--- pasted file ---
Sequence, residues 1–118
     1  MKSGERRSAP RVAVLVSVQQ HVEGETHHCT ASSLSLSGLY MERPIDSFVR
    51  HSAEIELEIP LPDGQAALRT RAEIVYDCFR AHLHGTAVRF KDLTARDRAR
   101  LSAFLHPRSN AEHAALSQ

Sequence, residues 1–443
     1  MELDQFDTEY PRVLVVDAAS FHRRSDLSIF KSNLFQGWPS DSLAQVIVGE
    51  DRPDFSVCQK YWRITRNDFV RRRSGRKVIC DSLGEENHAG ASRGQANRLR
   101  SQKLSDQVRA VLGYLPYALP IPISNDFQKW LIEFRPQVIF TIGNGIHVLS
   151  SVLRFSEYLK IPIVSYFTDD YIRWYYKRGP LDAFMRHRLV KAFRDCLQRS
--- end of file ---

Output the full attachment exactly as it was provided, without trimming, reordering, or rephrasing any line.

Sequence, residues 1–118
     1  MKSGERRSAP RVAVLVSVQQ HVEGETHHCT ASSLSLSGLY MERPIDSFVR
    51  HSAEIELEIP LPDGQAALRT RAEIVYDCFR AHLHGTAVRF KDLTARDRAR
   101  LSAFLHPRSN AEHAALSQ

Sequence, residues 1–443
     1  MELDQFDTEY PRVLVVDAAS FHRRSDLSIF KSNLFQGWPS DSLAQVIVGE
    51  DRPDFSVCQK YWRITRNDFV RRRSGRKVIC DSLGEENHAG ASRGQANRLR
   101  SQKLSDQVRA VLGYLPYALP IPISNDFQKW LIEFRPQVIF TIGNGIHVLS
   151  SVLRFSEYLK IPIVSYFTDD YIRWYYKRGP LDAFMRHRLV KAFRDCLQRS